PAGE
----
Bari Zell-Weinberger, a family lawyer in Parsippany, answers:
In New Jersey, it is considered in a child’s best interest to spend time and have contact with both parents whenever possible and appropriate. A temporary custody plan can be put in place as soon as a couple decides to separate and it can remain in place until the couple’s divorce is finalized, at which time the custody plan contained in the settlement is enforced. There are two basic ways separated parents can outline a temporary plan for child custody and parenting time:
- Formulating a Mutually Agreed upon Plan: In some situations, parents are able to come up with their own plan to share custody of their children during their separation. If the parents are on good enough terms to engage in this kind of negotiation, they can simply sit down together and amicably develop a temporary agreement outlining how child custody can be fairly handled until they decide to reconcile or divorce. The temporary plan should be put in writing and ideally reviewed by an attorney.
- Going to Court for a Temporary Child Custody Order: In the event that separated parents are unable to reach an amicable agreement or one parent is uncooperative, either party can go to court to file for a temporary child custody order (called a “pendente lite” order) to cover the period of separation. Until a final judgment is made, the court will determine temporary custody based on the best interests of the child with due regard to the caretaking arrangement that previously existed.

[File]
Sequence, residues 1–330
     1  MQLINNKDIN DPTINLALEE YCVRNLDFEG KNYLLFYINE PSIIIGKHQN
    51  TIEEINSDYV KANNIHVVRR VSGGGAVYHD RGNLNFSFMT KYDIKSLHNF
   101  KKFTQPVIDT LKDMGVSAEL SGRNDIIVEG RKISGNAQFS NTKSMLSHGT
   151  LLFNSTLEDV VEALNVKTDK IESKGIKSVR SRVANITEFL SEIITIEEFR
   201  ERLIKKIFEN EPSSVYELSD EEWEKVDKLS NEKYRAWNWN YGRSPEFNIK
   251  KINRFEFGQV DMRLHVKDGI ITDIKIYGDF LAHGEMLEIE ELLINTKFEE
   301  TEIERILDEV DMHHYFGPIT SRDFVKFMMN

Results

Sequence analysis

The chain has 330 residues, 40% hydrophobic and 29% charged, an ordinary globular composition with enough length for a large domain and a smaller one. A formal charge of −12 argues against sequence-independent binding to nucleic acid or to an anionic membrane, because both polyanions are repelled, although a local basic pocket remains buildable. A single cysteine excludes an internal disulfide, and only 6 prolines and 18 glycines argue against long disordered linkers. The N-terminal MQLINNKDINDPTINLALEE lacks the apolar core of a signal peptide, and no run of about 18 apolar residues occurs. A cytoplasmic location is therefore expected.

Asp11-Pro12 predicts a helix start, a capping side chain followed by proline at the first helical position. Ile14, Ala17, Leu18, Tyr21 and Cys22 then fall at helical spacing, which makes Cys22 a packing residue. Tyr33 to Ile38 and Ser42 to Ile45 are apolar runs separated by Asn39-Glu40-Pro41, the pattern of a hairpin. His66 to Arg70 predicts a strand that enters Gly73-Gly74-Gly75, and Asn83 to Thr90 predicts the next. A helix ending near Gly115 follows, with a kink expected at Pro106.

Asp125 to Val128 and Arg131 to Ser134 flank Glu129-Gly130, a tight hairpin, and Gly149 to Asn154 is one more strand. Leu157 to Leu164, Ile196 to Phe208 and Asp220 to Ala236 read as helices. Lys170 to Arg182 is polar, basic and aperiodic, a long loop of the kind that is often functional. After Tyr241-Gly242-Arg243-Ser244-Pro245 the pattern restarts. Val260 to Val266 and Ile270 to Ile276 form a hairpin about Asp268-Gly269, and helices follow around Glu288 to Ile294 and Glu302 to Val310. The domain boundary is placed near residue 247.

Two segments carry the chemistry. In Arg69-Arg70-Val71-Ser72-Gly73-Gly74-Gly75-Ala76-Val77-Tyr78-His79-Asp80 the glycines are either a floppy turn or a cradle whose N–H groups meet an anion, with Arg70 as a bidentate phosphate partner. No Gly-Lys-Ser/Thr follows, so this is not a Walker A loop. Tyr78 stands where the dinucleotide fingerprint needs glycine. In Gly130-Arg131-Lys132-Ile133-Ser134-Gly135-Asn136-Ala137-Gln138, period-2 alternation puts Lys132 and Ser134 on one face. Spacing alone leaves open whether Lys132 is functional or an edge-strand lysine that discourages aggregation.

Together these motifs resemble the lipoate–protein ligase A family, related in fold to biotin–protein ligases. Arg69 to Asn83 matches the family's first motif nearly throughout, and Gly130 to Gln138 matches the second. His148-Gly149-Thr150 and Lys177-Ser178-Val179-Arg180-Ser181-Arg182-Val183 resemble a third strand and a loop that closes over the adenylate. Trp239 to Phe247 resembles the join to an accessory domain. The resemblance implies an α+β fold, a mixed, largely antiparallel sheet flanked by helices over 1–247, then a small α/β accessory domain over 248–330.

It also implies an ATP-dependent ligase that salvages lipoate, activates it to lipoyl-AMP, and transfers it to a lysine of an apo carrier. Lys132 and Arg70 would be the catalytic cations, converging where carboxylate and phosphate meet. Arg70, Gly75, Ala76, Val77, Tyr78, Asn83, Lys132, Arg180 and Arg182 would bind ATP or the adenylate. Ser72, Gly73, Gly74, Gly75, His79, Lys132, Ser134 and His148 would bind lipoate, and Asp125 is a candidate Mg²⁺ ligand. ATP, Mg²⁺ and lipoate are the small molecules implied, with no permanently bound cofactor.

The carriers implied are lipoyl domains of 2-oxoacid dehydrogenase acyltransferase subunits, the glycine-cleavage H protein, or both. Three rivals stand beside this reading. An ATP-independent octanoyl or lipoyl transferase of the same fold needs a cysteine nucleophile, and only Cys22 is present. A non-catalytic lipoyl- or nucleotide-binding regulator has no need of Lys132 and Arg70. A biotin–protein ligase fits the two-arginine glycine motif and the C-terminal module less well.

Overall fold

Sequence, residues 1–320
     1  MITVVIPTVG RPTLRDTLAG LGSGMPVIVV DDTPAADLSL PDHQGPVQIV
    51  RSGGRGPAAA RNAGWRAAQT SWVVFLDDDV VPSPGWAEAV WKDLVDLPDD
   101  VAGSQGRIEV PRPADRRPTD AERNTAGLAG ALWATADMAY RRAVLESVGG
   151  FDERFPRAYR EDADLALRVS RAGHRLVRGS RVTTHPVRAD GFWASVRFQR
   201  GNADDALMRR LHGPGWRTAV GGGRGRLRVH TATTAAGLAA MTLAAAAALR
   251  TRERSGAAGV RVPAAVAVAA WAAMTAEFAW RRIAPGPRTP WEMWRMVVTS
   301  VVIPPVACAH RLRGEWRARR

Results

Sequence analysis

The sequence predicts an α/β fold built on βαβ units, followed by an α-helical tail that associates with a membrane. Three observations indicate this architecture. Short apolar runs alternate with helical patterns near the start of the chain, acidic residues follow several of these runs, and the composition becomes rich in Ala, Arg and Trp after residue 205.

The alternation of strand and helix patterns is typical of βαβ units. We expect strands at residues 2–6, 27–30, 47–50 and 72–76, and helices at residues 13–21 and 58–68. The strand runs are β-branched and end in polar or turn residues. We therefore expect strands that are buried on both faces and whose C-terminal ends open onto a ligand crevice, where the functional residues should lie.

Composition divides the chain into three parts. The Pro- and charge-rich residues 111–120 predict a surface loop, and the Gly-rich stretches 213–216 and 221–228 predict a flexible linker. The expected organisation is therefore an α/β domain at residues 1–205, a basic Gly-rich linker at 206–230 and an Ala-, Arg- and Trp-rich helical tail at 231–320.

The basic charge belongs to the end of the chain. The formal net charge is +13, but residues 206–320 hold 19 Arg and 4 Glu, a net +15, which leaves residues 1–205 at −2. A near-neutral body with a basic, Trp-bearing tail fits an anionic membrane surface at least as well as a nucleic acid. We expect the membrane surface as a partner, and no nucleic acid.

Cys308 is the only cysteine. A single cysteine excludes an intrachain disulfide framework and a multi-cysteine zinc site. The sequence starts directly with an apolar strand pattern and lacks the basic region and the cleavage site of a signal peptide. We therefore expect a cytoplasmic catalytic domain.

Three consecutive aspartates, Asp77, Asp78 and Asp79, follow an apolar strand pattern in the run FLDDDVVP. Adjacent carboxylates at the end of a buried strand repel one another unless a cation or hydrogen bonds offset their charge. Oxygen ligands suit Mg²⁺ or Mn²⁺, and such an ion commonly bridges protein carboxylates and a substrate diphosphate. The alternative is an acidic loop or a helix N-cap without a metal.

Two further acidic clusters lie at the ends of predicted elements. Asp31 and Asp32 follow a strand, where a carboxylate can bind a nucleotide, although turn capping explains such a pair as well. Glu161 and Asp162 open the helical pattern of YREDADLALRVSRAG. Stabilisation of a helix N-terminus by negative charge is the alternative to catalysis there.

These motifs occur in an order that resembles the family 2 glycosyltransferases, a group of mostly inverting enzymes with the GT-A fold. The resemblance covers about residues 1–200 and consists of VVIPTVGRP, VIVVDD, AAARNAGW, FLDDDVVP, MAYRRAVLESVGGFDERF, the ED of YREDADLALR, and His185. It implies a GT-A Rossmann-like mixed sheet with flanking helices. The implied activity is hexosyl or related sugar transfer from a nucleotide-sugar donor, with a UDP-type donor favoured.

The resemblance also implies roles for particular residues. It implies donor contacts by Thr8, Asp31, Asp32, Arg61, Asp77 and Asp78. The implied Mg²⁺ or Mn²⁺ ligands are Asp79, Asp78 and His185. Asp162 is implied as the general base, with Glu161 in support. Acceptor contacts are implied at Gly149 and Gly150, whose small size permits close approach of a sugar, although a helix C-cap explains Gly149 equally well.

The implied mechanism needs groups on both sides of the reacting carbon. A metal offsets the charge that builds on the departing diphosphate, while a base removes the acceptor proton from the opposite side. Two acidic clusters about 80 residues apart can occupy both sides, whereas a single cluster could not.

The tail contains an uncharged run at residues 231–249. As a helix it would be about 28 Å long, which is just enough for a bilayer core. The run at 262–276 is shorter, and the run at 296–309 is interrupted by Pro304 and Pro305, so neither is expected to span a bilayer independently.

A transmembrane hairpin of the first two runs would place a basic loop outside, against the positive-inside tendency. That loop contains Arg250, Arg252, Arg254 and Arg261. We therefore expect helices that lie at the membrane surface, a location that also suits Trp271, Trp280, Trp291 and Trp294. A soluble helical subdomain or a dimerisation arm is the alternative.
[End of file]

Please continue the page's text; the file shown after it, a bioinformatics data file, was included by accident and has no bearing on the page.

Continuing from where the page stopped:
Whichever route is used to develop a temporary parenting plan to cover the separation period, a permanent order can be put in place when the divorce is finalized. If you have questions about child custody during separation, a family law attorney can explain legal options that best meet your family’s needs.
Bari Zell-Weinberger is a Certified New Jersey divorce lawyer and partner with the firm of Weinberger Divorce & Family Law Group, LLC. in Parsippany, New Jersey, where she exclusively practices family and matrimonial law.